This pilot study indicates that fluorescent in situ hybridization of cells from urine of patients with different grades of bladder cancer confirmed the tumor origin of these cells. Samples from the 24 patients with bladder cancer contain cells that express the SncmtRNA and down-regulate the ASncmtRNAs. In contrast, the hybridization of the few exfoliated cells recovered from healthy donors revealed no expression of these mitochondrial transcripts. This assay can be explored as a non-invasive diagnostic tool for bladder cancer.

Peer Review reports


Bladder cancer (BC) is an important cause of morbidity and mortality, with an estimated 386.000 new cases and 150.000 deaths occurring worldwide in 2008[1]. Bladder tumors are classified into four categories: papilloma, papillary urothelial carcinoma of low malignant potential, low-grade carcinoma, high-grade carcinoma and carcinoma in situ[2]. About 90% of bladder cancers are urothelial carcinomas and transitional cell carcinomas (TCC) and the rest include squamous cell carcinomas and adenocarcinomas. As many other types of cancer, early detection of BC will allow effective treatments of patients, improving long-term survival.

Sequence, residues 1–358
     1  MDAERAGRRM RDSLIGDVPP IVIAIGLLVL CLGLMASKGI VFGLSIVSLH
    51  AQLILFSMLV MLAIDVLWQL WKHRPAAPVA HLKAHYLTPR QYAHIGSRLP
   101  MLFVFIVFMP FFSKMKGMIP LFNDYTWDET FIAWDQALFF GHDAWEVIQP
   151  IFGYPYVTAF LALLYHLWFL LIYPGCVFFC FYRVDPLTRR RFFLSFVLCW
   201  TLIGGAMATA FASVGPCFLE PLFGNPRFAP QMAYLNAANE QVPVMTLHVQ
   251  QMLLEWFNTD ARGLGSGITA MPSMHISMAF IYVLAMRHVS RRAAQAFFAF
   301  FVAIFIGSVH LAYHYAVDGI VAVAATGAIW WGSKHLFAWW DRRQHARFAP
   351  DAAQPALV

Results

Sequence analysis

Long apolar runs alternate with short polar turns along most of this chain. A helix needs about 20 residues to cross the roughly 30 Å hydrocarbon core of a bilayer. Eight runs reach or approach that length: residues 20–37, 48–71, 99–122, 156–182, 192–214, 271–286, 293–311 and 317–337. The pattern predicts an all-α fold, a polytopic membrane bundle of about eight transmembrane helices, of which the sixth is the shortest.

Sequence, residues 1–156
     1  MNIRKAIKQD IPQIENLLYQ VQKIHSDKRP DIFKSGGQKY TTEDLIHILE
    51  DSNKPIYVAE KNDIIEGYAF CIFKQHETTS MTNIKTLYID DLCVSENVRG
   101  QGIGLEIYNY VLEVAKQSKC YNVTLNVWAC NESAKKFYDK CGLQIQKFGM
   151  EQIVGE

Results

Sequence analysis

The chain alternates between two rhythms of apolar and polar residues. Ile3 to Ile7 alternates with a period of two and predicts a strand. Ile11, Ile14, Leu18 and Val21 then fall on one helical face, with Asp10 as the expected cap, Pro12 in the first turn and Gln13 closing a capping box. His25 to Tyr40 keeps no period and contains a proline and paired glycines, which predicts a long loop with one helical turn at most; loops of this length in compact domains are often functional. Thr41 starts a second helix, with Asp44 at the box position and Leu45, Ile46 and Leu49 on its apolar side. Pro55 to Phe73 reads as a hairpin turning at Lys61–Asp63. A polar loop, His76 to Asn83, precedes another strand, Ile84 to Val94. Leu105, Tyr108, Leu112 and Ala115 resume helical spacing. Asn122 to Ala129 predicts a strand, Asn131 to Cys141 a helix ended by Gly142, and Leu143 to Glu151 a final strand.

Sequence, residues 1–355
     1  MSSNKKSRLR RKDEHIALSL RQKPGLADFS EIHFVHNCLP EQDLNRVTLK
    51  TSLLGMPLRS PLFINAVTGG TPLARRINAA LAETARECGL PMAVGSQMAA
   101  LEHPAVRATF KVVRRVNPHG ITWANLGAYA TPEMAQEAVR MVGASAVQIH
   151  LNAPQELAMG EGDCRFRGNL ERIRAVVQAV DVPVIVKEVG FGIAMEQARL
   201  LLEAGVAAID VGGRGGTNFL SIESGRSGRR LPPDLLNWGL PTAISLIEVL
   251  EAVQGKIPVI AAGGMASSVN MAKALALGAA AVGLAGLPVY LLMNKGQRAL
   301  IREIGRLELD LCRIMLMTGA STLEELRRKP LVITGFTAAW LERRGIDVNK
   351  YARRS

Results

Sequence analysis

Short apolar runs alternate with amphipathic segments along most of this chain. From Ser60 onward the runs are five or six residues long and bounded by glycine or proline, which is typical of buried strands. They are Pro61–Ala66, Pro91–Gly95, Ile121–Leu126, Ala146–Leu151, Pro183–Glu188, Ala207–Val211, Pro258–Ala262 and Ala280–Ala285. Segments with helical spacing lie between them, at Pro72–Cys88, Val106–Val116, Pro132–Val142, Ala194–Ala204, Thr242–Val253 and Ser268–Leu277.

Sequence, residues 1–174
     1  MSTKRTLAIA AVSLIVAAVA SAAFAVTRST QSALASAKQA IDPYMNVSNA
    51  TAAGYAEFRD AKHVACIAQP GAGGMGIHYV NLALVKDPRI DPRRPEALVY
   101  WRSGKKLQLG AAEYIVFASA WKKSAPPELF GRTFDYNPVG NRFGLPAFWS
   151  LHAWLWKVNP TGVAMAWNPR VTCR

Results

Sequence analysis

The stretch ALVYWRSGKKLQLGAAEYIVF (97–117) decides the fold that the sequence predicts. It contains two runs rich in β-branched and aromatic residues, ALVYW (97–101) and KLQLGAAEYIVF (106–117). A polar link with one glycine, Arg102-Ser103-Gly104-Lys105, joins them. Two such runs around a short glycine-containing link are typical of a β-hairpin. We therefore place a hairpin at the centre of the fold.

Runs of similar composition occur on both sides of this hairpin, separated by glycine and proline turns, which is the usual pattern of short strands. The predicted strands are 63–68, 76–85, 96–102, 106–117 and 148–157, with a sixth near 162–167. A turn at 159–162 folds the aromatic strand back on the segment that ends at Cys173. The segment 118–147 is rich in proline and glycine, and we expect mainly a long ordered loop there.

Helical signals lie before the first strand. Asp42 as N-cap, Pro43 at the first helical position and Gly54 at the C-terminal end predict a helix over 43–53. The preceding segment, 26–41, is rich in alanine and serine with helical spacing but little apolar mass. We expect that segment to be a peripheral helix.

The “gold standard” in the detection of BC is cystoscopy. This examination, however, is unpleasant, time consuming, expensive and may result in infections and urethral damage[3]. On the other hand, urine cytology has high specificity but low sensitivity, especially in low-grade disease[4, 5]. To improve the detection of BC cells in voided urine, several tumor markers and tests have been developed[6, 7]. One of these tests is based on fluorescent in situ hybridization (FISH) to detect chromosomal alterations characteristic of BC[8].